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Apache Ant Tutorial - Property Files

Tutorial Name: Apache Ant Tutorial - Property Files  

Category: PC Tutorials

Submitted By: Dopdot

Date Added:

Comments: 0

Views: 348

Related Forum: PC Building Forum


Setting properties directly in the build file is fine, if you are working with a handful of properties. However, for a large project, it makes sense to store the properties in a separate property file.

Storing the properties in a separate file offers the following benefits

-It allows you to reuse the same build file, with different property settings for different execution environment. For example, build properties file can be maintained separately for DEV, TEST, and PROD environments.

-It is useful when you do not know the values for a property (in a particular environment) up-front. This allows you to perform the build in other environments where the property value is known.

There is no hard and fast rule, but typically the property file is named build.properties and is placed along-side the build.xml file. You could create multiple build properties files based on the deployment environments - such as build.properties.dev and build.properties.test.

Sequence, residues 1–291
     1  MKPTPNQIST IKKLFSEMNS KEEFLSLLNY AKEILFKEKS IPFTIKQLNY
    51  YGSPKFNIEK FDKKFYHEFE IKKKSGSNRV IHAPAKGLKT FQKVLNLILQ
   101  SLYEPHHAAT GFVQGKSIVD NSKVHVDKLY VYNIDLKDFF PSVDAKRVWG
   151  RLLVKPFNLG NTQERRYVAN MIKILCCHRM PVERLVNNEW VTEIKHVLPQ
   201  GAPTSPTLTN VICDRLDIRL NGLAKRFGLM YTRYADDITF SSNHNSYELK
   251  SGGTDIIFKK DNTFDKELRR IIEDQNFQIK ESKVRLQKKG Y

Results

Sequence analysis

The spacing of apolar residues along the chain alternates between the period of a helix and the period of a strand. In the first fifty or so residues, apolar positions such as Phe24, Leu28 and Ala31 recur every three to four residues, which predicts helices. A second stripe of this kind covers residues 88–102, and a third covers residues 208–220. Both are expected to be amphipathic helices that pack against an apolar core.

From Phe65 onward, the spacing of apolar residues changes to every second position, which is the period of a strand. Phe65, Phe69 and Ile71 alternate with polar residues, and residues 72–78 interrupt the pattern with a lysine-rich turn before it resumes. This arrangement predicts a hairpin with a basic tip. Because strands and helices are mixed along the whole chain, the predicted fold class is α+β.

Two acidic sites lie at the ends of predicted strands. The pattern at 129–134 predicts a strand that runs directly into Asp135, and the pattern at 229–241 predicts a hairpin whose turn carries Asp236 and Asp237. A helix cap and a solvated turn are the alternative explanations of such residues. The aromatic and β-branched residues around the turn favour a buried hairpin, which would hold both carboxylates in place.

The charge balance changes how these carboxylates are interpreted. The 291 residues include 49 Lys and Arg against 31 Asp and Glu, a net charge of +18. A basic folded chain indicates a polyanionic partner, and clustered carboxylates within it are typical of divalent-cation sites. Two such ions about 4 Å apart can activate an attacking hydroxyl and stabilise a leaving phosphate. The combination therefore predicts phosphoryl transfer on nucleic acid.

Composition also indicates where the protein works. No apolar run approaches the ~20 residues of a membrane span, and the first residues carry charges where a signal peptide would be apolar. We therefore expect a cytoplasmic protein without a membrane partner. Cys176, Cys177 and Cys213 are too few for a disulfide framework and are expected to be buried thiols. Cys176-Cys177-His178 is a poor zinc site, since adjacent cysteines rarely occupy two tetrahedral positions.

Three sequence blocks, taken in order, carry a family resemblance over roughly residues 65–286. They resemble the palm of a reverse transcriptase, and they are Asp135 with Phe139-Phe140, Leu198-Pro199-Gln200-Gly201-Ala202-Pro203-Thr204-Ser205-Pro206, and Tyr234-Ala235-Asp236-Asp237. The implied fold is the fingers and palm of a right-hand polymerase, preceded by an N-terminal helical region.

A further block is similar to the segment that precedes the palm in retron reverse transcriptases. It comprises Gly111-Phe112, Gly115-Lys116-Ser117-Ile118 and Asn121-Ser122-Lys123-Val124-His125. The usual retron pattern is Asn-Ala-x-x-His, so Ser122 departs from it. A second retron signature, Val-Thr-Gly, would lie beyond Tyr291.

The contents of the build property file are similar to the normal java property file. They contain one property per line. Each property is represented by a name and a value pair. The name and value pairs are separated by an equals (=) sign. It is highly recommended that the properties are annotated with proper comments. Comments are listed using the hash (#) character.

The following example shows a build.xml file and its associated build.properties file


<?xml version = "1.0"?>
<project name = "Hello World Project" default = "info">
<property file = "build.properties"/>

<target name = "info">
<echo>Apache Ant version is ${ant.version} - You are at ${sitename} </echo>


# The Site Name
sitename = example
buildversion = 3.3.2

In the above example, sitename is a custom property which is mapped to the website name. You can declare any number of custom properties in this fashion. Another custom property listed in the above example is the buildversion, which, in this instance refers to the version of the build.

In addition to the above, Ant comes with a number of predefined build properties, which are listed in the previous Tutorials of mine.


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